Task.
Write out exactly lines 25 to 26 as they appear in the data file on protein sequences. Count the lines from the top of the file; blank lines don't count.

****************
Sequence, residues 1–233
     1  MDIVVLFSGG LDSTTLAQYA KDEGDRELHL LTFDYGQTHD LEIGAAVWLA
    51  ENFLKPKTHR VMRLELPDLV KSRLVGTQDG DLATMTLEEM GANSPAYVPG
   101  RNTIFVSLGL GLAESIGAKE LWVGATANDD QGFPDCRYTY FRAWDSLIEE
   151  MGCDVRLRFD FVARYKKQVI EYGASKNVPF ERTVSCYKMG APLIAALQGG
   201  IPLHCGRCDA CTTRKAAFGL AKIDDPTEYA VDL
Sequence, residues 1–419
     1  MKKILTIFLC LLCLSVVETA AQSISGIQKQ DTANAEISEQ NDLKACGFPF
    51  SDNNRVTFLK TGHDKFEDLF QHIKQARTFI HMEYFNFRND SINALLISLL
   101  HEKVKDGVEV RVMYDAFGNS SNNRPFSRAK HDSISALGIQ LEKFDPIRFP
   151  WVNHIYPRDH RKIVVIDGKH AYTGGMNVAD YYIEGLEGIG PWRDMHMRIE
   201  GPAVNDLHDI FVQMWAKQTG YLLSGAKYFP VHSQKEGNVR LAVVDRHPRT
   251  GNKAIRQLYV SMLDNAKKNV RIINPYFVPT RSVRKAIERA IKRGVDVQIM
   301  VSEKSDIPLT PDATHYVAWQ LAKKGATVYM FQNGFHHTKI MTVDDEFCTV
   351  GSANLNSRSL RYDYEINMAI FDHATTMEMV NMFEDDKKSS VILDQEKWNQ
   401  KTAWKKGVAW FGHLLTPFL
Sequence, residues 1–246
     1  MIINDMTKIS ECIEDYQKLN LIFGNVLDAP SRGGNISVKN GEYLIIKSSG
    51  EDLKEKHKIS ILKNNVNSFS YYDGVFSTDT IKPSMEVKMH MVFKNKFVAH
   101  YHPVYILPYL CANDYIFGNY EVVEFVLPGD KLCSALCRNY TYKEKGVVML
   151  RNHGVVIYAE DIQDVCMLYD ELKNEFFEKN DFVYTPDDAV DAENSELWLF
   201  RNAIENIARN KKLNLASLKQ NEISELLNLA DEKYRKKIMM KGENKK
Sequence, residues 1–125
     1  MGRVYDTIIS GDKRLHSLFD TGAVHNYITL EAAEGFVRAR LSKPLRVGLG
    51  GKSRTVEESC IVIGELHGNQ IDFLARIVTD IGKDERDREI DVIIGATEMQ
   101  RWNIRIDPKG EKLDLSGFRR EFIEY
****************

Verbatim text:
    51  GKSRTVEESC IVIGELHGNQ IDFLARIVTD IGKDERDREI DVIIGATEMQ
   101  RWNIRIDPKG EKLDLSGFRR EFIEY